3. High-risk processing activities [such as those involving the processing of special categories of personal data and vulnerable groups, for instance, employees] must pass a Privacy Impact Assessment (PIA) and,consequently, the successful completion of a triple analysis on the suitability, necessity and proportionality of the processing. In this context, while it recognizes that the European Court of Human Rights (Handyside v. UK, Case No. 5493/72, 7 December 1976) has established that “necessary” is not synonymous with “indispensable,” it also finds that the necessity test cannot be passed if there are equivalent options to biometric processing. Concerning the proportionality test, the AEPD also clarifies that, according to the Art. 29 Working Party Opinion 3/2012 on developments in biometric technologies, if the benefit resulting from it is relatively small (such as an increase in convenience or a small cost saving), the loss of privacy is not proportionate to the expected benefit of the processing (page 8).

The only open door to this processing is the fact that the AEPD concludes its analysis by listing a series of measures aimed at guaranteeing the rights of data subjects and minimizing the risks of data processing, should the need arise, and the processing be carried out, which implies that it does not completely rule out the lawfulness of these types of processing activities. These measures include, among others, the provision of adequate information to the data subject, the possibility of withdrawing the link between the biometric pattern and the identity of the natural person, the use of encryption techniques and the implementation of automated data deletion mechanisms.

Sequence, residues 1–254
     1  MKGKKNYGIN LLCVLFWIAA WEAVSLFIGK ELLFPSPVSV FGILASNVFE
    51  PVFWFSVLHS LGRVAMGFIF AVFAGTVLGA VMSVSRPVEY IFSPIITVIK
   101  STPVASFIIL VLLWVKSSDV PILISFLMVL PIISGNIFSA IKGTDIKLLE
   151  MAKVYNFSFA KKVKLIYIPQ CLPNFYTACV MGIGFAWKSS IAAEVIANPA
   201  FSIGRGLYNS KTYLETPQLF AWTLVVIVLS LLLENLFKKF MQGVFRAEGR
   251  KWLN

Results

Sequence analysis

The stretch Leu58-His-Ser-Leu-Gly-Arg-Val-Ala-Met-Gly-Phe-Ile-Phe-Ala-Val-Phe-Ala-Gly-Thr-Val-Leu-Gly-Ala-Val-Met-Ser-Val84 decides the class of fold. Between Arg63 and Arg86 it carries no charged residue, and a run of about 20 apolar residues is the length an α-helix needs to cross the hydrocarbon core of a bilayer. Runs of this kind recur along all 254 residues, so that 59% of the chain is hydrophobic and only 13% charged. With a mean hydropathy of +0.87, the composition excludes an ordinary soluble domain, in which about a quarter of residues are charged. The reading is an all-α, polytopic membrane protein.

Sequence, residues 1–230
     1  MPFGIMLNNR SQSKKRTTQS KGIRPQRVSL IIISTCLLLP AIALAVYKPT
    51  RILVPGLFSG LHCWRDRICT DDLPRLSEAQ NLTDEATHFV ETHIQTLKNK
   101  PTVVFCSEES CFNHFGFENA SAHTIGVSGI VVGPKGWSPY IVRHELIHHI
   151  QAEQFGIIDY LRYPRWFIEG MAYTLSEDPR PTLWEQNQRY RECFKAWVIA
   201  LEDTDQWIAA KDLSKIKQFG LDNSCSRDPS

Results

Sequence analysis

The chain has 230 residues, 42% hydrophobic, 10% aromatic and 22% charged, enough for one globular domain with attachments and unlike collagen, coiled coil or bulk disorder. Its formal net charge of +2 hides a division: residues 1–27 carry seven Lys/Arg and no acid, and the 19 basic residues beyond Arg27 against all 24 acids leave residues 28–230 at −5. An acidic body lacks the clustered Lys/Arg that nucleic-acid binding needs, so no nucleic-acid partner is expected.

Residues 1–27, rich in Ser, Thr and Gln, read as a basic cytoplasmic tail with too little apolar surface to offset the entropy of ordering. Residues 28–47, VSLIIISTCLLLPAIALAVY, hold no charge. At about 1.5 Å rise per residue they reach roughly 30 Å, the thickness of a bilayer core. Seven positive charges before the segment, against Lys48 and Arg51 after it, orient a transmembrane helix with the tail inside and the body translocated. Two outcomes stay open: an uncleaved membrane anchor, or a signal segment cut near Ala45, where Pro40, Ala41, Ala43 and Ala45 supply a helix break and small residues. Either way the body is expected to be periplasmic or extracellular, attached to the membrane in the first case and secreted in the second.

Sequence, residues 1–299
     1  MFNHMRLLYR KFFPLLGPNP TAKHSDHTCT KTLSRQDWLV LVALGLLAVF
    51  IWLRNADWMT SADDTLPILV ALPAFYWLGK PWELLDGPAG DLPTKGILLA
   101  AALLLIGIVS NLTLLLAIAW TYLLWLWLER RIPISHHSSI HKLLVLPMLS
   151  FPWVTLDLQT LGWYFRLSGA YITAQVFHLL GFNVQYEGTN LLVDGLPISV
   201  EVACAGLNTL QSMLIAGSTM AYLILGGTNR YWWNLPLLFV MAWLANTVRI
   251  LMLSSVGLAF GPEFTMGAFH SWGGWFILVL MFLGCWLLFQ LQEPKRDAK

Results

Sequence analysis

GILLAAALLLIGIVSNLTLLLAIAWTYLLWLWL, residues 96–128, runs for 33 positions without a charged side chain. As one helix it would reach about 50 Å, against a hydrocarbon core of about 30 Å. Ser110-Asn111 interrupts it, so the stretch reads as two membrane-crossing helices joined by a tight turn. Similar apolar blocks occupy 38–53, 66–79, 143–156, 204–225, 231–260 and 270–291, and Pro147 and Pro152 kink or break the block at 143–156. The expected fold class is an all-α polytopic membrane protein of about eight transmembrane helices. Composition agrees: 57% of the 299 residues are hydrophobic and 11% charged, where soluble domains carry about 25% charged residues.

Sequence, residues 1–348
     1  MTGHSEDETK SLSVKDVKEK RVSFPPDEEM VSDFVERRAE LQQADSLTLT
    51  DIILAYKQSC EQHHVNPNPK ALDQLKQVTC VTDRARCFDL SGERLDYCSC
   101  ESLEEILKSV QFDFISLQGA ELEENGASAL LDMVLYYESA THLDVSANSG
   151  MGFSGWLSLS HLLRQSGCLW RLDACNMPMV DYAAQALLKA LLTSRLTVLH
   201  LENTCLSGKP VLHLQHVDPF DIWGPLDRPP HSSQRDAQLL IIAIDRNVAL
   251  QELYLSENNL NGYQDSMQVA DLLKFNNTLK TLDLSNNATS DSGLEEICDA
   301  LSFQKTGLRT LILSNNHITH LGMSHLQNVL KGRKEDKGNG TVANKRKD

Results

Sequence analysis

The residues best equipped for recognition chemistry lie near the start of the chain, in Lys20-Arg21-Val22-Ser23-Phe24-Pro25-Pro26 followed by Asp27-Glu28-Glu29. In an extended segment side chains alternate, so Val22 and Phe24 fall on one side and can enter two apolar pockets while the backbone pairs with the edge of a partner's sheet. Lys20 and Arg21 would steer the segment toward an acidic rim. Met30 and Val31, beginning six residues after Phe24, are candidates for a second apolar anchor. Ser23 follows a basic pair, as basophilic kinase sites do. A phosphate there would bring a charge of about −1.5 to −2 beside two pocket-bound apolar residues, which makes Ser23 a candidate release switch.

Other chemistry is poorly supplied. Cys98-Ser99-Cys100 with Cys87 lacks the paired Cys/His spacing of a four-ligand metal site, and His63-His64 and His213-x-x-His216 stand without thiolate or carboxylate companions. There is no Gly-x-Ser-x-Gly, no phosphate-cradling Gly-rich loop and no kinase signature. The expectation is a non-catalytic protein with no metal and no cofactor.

Is The EU Moving Toward a Prohibitionist Model?

While just a few years ago, EU DPAs, including the very same AEPD or CNIL (see its Model Regulation, published in 2019), seemed to accept that the use of biometrics in the workplace may be feasible under certain circumstances, the truth is that the AEPD is not alone in its restrictive stance, but rather is following the path already travelled by the Belgian DPA (APDD) and Italian DPA (GPDP), which, in 2021 (APDD’s Recommendation/GPDP decision), well before the EDPB issued its guidance on the use of facial recognition in law enforcement, took the approach that employee consent is not an option and that current employment laws do not provide grounds to rely on the public interest or compliance with the law to deem these types of processing activities lawful.

Is There a Glimmer of Hope for Biometric Processing in the Workplace?

Although companies using these systems must carefully analyze the situation on a case-by-case basis, this restrictive approach could still be argued.

  • First, in principle, consent should not be automatically excluded simply because the data subject is an employee. If an alternative to consent exists, i.e., in our case, if data subjects are offered a choice that allows them to avoid the processing of biometric data without being subject to retaliation (in particular, if the purpose of the processing is merely access control), and regardless of the risk of the consented processing, explicit consent may override the general prohibition contained in Article 9(1) GDPR. Moreover, despite the position of the AEPD, in our view, the assessment of the lawfulness of the processing (see below) and the validity of the consent are not exclusive matters.
  • Second, the existence of alternatives to biometrics for working time registration and access control does not necessarily mean that these alternatives achieve the same results, and that the necessity and proportionality tests in the context of a PIA cannot be passed. In fact, it could be stated that the use of biometrics provides a level of data security that is difficult to achieve with alternative means. For example, the common alternative, badges, can be shared with third parties, especially in remote working scenarios where the employee is working from outside the workplace. In summary, biometric processing offers benefits that other alternatives do not and, therefore, in our view, cannot be ruled out in all scenarios automatically.